Exploring the IBM UrbanCode Deploy 6.0.1 Plugin Changes

Plugins are a major piece of the value of the IBM UrbanCode Deploy tool.  They provide a simple way to automate adjacent pieces of the application’s environment in a way that allows you to move users away from direct access to deployment target environments. IBM UrbanCode  Deploy are pretty modular, easy to manage, easy to create, and provide a great way for either the product team or customers to extend the value of the tool. However, as the number of plugins grows, it becomes that much more important to track what is going on with them so that you can identify new integration opportunities and track potential improvements to ones you are already using.

With the advent of the 6.0.1 release, a number of plugins have been added and a number have changed.  Unfortunately, I have yet to see a comprehensive list of what plugins have been added or changed, so I did a little digging and compared the plugins that shipped with 6.0 and those that shipped with 6.0.1.  This initial pass is just a cursory look to see what’s there.

My approach was to do a binary comparison between all of the files even if they had the same name.  That enabled me to verify that the contents had not changed between releases.  It also enabled me to identify files, such as the Remedy plugin, that changed names between releases, but were unchanged at the content level.

If people are interested, I will dig into the next layer of seeing which of the updated plugins have substantive additions, such as new methods or properties, and which appear to just have fixes without obvious operational changes. Please consider this a standing invitation to add your findings in the comments.

Downloadable list: I created a handy PDF if you want to download the summary in a more consumable form.   Available here if you are interested:  IBM_UCD_60_to_601_plugin_comparison

In the meantime, I hope this list will help those upgrading to know what they need to look at and what they can ignore.

New (did not exist in 6.0 but do in 6.0.1)

  • AgentPropertiesCollector-2.455141.zip
  • AnthillSourceConfig-1.455112.zip
  • ClearCaseSourceConfig-1.455167.zip
  • FileSystemSourceConfig-1.455169.zip
  • FileSystemVersionedSourceConfig-1.455159.zip
  • GitSourceConfig-1.455161.zip
  • ibm-ucdeploy-publisher.hpi
  • MavenSourceConfig-1.455170.zip
  • plugin-air-RTC-WorkItems-2.455564.zip
  • RAMSourceConfig-1.455163.zip
  • SubversionSourceConfig-1.455152.zip
  • TFS-SourceConfig-1.455154.zip
  • TFS_SCM-SourceConfig-1.455162.zip
  • uBuildSourceConfig-1.455076.zip
  • web-utilities-1.446294.zip
  • WebSpherePortal-1.452361.zip
  • WindowsFailoverCluster-3.455119.zip

Updated (Changed between 6.0 and 6.0.1)

  • ApplicationDeploymentForWebSphere-68.455164.zip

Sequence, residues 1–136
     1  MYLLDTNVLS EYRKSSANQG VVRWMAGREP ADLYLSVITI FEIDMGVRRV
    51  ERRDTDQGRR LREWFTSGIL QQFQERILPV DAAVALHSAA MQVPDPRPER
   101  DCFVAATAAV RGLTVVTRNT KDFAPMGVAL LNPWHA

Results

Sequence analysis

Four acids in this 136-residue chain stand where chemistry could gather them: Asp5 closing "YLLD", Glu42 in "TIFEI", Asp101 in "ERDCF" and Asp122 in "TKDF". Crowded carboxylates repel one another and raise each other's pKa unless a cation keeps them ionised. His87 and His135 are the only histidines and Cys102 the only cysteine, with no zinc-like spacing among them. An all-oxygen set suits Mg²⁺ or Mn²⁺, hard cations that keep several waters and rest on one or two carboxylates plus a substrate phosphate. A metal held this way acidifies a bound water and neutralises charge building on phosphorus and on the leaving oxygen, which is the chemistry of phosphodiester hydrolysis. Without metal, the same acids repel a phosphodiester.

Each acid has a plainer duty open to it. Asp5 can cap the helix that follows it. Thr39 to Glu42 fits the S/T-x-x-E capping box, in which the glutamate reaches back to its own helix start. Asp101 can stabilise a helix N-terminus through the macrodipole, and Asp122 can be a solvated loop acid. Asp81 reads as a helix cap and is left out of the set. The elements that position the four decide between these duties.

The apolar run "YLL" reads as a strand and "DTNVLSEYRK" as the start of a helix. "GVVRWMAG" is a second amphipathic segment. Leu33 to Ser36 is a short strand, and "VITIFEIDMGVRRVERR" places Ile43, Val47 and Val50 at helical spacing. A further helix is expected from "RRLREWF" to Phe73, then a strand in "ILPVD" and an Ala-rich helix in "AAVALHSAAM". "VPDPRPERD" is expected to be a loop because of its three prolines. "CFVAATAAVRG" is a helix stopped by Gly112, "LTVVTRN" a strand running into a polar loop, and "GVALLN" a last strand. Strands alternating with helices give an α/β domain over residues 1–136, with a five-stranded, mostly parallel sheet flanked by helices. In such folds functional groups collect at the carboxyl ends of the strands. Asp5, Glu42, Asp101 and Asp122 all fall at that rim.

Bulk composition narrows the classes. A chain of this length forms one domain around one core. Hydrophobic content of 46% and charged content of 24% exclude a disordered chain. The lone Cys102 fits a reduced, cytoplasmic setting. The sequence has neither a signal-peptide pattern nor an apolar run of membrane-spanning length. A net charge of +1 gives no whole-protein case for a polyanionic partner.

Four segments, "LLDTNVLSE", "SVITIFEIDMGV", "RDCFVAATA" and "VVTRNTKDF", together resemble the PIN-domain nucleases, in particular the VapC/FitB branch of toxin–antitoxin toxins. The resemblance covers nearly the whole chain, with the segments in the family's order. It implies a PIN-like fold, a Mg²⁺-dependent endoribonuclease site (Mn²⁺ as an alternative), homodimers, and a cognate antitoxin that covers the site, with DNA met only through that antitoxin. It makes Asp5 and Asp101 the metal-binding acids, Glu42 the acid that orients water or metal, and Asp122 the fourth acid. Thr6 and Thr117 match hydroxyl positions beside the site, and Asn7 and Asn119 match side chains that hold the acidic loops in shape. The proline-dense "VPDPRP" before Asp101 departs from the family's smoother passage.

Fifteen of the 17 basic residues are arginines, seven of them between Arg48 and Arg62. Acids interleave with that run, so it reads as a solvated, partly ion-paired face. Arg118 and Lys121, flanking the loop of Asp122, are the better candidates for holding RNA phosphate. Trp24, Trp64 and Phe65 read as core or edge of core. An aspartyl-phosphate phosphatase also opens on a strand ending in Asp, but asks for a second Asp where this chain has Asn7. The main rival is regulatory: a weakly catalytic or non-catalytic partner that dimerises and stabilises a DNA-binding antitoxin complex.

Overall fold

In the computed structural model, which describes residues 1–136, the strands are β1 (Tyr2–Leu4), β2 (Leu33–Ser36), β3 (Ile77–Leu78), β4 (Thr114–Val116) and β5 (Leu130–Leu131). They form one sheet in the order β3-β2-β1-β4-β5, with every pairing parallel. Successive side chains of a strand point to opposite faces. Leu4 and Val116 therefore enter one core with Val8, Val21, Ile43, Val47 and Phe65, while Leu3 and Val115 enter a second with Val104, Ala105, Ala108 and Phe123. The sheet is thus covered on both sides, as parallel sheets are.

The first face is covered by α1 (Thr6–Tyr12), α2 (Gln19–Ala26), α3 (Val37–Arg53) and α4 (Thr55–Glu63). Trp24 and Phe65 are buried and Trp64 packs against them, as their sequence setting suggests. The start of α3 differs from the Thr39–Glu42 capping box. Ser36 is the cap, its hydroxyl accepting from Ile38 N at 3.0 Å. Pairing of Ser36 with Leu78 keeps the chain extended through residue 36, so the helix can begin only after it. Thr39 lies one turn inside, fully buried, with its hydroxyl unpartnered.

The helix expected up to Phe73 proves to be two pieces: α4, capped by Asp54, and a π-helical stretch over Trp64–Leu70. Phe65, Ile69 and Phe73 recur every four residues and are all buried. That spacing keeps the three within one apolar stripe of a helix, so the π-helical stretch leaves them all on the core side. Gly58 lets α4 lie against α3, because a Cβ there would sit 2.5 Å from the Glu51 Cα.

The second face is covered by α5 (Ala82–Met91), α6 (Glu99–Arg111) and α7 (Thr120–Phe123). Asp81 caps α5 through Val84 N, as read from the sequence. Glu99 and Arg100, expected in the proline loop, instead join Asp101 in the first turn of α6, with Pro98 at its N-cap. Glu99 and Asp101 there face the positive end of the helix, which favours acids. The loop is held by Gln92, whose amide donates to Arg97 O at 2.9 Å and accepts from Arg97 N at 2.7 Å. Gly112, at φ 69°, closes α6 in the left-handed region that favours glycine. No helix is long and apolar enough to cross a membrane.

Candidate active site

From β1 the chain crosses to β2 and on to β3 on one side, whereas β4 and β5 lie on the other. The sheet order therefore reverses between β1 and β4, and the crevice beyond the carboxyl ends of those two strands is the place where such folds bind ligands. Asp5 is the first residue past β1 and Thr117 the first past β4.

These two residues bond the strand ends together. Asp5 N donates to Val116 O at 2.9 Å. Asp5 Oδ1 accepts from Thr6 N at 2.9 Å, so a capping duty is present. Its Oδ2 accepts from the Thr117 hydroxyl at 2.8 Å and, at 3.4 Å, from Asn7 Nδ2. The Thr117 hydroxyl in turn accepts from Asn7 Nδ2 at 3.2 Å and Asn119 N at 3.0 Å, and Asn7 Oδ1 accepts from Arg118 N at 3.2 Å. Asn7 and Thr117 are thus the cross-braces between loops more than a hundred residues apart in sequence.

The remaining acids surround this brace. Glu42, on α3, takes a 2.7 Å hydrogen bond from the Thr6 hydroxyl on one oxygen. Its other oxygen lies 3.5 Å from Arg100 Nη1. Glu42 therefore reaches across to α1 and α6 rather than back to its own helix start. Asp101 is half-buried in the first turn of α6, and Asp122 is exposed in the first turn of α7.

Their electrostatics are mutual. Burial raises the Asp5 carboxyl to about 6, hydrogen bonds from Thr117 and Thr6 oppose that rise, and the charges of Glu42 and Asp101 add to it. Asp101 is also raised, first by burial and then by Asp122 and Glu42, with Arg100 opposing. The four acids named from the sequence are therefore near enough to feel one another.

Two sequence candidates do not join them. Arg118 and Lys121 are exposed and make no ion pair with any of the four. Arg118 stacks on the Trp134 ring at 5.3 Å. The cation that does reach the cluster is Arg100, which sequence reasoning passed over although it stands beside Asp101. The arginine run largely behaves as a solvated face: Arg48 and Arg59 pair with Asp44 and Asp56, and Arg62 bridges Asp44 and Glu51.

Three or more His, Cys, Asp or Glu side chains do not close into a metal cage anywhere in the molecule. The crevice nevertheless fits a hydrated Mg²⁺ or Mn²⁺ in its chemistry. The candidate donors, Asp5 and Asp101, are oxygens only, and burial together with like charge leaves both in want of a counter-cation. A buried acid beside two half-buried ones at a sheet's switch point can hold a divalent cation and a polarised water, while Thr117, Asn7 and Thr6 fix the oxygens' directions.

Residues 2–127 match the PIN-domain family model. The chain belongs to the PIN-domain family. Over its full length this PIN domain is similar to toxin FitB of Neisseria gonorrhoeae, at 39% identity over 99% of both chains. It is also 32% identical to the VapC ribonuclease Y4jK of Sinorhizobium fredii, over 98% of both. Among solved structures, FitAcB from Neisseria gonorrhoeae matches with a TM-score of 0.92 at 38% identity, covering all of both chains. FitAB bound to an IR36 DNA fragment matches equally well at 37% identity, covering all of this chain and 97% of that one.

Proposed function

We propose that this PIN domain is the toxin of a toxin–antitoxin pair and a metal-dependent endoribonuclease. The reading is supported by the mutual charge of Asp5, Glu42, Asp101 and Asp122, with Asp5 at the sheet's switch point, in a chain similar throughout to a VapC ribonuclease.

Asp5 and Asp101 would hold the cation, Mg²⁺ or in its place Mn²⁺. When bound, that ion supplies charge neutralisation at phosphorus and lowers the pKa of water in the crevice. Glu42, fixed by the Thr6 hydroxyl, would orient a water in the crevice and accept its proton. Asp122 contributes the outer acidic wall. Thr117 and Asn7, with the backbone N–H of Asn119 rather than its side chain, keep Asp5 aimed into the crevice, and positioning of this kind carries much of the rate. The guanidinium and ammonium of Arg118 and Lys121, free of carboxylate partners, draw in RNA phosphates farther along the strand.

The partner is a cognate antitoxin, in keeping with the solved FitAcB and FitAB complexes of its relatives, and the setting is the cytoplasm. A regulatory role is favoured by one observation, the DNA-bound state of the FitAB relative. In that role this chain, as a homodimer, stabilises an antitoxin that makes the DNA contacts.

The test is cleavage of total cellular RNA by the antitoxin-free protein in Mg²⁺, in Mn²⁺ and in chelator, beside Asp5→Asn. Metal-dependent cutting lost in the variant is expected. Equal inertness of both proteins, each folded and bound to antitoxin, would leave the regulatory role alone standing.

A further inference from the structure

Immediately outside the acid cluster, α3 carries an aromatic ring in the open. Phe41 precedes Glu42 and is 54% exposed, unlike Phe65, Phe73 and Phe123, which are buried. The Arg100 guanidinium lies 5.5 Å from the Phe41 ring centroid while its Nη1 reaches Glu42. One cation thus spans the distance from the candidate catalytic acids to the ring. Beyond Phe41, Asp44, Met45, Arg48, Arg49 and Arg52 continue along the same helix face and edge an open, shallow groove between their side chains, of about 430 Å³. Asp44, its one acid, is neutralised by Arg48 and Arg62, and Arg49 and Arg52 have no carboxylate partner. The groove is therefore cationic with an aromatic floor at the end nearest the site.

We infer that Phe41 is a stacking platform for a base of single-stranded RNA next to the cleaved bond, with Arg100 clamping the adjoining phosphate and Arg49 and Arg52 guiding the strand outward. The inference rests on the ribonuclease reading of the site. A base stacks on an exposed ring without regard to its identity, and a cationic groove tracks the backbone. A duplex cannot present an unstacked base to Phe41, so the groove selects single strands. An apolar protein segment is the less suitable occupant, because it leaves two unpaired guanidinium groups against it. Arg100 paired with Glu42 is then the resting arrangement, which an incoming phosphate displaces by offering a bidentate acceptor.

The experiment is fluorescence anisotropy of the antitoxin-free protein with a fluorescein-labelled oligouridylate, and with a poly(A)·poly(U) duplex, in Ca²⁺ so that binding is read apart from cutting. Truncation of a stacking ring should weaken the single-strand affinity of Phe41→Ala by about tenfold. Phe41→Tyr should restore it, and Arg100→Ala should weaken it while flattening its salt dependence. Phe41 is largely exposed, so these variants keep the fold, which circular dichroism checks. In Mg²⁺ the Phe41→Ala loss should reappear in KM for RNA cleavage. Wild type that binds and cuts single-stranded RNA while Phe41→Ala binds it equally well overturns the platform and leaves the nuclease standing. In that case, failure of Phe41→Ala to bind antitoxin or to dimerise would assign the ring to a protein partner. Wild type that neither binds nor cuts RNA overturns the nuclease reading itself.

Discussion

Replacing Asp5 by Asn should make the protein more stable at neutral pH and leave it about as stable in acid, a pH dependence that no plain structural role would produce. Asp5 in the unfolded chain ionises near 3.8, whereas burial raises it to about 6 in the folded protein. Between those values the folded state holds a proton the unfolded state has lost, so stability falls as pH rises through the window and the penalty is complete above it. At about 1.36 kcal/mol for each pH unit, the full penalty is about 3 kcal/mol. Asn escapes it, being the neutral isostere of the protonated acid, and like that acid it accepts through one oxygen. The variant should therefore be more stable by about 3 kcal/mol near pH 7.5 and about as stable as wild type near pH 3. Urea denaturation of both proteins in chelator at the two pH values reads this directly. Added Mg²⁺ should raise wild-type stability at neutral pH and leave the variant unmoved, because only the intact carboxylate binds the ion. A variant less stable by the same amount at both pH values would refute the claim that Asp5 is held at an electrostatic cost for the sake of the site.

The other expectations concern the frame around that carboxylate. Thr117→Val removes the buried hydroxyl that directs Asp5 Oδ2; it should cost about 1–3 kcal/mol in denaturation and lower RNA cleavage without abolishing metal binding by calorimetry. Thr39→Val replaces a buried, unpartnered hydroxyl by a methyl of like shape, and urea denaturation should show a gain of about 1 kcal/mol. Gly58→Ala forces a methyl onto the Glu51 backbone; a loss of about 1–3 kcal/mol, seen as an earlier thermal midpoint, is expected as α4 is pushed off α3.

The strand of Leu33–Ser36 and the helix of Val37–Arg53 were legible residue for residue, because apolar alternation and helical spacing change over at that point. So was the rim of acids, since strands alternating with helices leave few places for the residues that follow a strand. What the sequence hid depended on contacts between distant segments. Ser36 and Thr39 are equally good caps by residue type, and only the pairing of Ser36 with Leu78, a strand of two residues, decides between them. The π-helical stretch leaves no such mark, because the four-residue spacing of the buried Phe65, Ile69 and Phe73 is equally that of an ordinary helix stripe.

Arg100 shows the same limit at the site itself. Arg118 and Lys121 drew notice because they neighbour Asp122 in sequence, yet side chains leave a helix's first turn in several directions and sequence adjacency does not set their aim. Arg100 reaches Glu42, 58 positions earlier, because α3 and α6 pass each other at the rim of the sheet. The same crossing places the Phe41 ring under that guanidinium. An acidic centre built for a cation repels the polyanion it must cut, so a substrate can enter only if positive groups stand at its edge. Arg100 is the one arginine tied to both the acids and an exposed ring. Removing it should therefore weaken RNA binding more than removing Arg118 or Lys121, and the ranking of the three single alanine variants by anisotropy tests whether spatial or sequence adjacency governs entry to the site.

• Chef-1.455055.zip
  • FileUtils-31.455052.zip
  • GreenHat-1.455099.zip
  • ibm-ucd-agent-script-package.zip
  • JBoss-6.455062.zip
  • JUnit-1.455144.zip
  • Maven-2.455085.zip
  • MCWASPlugin-3.131121.zip
  • RPM-2.432456.zip
  • RQM-2.455153.zip
  • ServiceNow-8.450859.zip
  • Shell-3.455056.zip
  • SQLCmd-4.455081.zip
  • SQLPlus-6.455179.zip
  • SystemInformation-2.455048.zip
  • Tomcat-4.455075.zip
  • uBuild-4.455175.zip
  • uDeploy-Application-63.455151.zip
  • uDeploy-Component-61.455109.zip
  • uDeploy-Environment-64.455050.zip
  • uDeploy-Resource-64.455077.zip
  • uDeploy-System-61.453415.zip
  • uDeploy-Version-60.455054.zip
  • uDeployConfigManagement-3.455073.zip
  • UrbancodeVFS-18.455070.zip
  • Urbancode_Package_Manager-3.455115.zip
  • WebSphere Liberty-2.455142.zip
  • WindowsSystemTools-13.455110.zip

Removed (Were in 6.0 but not in 6.0.1)

  • Example.zip
  • WebSphereMessageBroker.zip

Unchanged (Showed no difference between 6.0 and 6.0.1 package)

  • Remedy-1.423633.zip   (*renamed, but unchanged)
  • air-worklight-1.423586.zip
  • AmazonEC2-4.423632.zip
  • Ant-2.423681.zip
  • Anthill-7.424532.zip
  • Apache-1.423580.zip
  • DBUpgrader-1.423703.zip
  • DeployTools-5.423702.zip
  • F5-8.423587.zip
  • Groovy-2.423689.zip
  • IIS-AdminScripts-7.424216.zip
  • IIS-AppCmd-2.423623.zip
  • IIS-MSDeploy-1.423639.zip
  • JIRA-3.423640.zip
  • LinuxSystemTools-8.423698.zip
  • Rally-1.0.0_b423612.zip
  • Selenium-3.423652.zip
  • ServiceControlManager-8.423610.zip
  • Sharepoint-4.423644.zip
  • SQL-JDBC-4.423630.zip
  • Subversion-export-2.423664.zip
  • WebSphereMQ-1.423574.zip
  • WebSphereMessageBroker-CMP-6.424588 (1).zip  (*renamed, but unchanged)


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Posted in DevOps, UrbanCode Deploy

IBM UrbanCode Products updated to 6.0.1

The 6.0.1 versions of IBM UrbanCode Deploy and IBM UrbanCode Release are available.   As the UC suite is still new within IBM’s portfolio and being brought into line with the rest of the products, these are more substantial “.0.1” releases than the version number increment implies.   Handily, Eric Minick has put a number of posts on the UrbanCode blog site tagged with “v6-0-1” that cover the improvements to both products nicely.